Potential Solution 1
It would be interesting if we could pair outgoing validators with incoming ones and allow the new validators to be provided a checkpoint by the outgoing validator. In this case, anonymity is not an issue since that validator is leaving; however, this causes issues when the # incoming validators > # outgoing validators. Perhaps someone can come up with a clever modification. :thinking:

Potential Solution 2
Another solution would be to have the validator query the PoW chain for stored checkpoints that validators are responsible for voting on and keeping current. This would be a great way to utilize the PoW chain’s objectivity to bootstrap each new validator. This, of course, creates a strong reliance on the existing PoW chain in order to bootstrap each new validator with a trustworthy checkpoint.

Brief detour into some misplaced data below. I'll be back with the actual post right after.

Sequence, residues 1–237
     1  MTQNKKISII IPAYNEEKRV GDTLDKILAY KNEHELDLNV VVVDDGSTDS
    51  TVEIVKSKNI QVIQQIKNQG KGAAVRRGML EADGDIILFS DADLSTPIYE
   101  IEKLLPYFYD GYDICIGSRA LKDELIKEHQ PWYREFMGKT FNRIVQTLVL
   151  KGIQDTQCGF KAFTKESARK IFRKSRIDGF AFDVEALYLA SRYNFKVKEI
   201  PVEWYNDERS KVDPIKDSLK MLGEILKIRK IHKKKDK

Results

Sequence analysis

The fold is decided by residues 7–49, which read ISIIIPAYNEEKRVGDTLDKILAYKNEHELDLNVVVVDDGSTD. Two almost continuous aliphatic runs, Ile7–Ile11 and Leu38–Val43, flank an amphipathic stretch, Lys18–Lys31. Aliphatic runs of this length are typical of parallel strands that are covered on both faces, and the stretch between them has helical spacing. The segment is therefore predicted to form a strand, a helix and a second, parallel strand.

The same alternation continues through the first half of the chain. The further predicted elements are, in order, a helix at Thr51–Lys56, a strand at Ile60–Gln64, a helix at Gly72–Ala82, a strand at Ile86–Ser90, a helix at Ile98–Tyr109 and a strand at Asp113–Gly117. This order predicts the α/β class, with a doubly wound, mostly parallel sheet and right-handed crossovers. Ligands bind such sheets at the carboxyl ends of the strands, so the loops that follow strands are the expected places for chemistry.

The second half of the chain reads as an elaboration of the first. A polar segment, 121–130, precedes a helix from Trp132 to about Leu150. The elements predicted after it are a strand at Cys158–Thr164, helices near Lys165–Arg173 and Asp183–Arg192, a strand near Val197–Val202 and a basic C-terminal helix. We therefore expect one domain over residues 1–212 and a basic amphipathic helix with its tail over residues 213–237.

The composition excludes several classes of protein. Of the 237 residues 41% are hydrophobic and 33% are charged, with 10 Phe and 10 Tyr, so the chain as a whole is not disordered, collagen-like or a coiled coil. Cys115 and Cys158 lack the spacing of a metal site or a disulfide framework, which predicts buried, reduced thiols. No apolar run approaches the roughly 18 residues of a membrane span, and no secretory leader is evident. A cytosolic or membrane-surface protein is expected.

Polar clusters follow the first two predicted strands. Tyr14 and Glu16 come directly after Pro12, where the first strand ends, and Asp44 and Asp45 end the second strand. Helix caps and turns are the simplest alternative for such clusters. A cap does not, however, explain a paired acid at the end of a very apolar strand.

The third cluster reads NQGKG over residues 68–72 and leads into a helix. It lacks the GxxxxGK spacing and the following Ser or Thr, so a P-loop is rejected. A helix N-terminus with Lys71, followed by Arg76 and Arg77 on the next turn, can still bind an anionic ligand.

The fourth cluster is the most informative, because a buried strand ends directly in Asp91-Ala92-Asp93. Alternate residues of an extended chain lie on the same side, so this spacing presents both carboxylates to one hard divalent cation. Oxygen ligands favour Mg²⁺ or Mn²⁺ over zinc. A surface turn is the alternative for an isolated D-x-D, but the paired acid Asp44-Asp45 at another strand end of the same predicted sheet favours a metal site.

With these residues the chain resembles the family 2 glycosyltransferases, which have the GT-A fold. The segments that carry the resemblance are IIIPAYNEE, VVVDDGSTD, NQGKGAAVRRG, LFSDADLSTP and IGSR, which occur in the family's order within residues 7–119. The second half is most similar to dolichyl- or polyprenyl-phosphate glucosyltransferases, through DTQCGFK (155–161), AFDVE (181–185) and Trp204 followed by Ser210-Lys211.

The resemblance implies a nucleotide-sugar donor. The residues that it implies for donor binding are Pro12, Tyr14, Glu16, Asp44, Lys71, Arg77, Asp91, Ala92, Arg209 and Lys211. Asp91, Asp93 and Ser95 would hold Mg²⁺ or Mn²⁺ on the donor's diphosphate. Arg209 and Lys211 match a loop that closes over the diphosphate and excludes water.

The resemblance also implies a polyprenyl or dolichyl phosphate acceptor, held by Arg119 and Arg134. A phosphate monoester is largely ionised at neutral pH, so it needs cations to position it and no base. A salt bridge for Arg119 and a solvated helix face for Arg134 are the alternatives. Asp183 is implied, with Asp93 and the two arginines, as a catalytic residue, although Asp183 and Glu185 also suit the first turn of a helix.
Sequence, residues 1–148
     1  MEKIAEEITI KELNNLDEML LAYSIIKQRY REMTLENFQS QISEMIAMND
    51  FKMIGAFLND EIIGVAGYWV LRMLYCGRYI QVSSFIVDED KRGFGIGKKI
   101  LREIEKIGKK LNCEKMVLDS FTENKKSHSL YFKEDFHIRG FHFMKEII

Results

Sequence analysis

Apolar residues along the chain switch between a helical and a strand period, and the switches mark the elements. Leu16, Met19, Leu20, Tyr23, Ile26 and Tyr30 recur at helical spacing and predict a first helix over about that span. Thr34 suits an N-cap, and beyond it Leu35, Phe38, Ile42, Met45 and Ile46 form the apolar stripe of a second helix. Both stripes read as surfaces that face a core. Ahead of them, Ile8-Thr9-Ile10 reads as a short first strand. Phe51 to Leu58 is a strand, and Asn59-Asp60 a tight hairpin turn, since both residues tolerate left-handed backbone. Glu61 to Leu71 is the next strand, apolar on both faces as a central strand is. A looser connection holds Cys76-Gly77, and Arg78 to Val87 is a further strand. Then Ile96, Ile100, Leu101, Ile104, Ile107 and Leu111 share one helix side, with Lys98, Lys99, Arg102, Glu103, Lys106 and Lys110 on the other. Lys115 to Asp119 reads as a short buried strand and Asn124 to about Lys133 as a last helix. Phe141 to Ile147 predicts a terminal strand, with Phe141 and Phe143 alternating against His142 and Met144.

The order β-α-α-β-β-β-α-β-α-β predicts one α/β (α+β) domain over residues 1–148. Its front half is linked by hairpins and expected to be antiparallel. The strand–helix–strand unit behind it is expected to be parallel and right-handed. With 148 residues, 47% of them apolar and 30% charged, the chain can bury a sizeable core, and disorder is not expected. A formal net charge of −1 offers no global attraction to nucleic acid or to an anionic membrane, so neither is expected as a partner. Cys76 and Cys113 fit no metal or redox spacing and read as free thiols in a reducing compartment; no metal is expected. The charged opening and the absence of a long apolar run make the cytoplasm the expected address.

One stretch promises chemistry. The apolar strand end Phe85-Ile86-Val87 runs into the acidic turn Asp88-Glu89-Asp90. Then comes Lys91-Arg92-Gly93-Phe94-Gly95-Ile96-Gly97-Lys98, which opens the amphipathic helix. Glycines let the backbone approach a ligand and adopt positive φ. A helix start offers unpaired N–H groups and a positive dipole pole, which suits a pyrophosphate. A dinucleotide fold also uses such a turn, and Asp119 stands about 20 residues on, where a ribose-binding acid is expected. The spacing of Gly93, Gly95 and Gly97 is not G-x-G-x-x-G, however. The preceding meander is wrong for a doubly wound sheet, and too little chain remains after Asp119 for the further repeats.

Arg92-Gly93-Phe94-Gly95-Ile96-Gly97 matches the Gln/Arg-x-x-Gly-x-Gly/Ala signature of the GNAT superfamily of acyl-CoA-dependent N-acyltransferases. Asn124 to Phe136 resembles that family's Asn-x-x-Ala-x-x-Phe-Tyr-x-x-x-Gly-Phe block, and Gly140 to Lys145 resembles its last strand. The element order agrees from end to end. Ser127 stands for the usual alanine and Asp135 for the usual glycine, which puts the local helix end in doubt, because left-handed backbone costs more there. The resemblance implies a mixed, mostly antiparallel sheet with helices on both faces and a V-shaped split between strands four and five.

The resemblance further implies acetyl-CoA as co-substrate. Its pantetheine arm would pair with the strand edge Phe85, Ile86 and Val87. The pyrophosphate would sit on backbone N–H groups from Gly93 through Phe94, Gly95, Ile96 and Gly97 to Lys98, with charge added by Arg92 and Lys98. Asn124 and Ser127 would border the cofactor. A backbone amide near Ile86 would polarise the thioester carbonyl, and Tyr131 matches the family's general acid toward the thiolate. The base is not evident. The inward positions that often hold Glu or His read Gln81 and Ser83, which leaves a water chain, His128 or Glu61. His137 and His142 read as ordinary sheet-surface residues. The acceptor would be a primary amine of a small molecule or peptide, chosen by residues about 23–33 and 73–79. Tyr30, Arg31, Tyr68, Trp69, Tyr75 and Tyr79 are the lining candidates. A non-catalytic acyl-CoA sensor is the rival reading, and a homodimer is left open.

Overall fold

I am curious what @JustinDrake, @vbuterin and everyone else thinks about this. Thanks.

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@cleanapp did you happen to see this?

You might have some good input

Thank you so much for sharing. Yeah – saw this come across the wire earlier. Will be preparing a response for sure on behalf of the CleanApp Foundation, given the enormity of the stakes. As it comes together, will definitely post drafts and welcome any and all suggestions for improvement.

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Would also love to read your work on the legal implications of POS.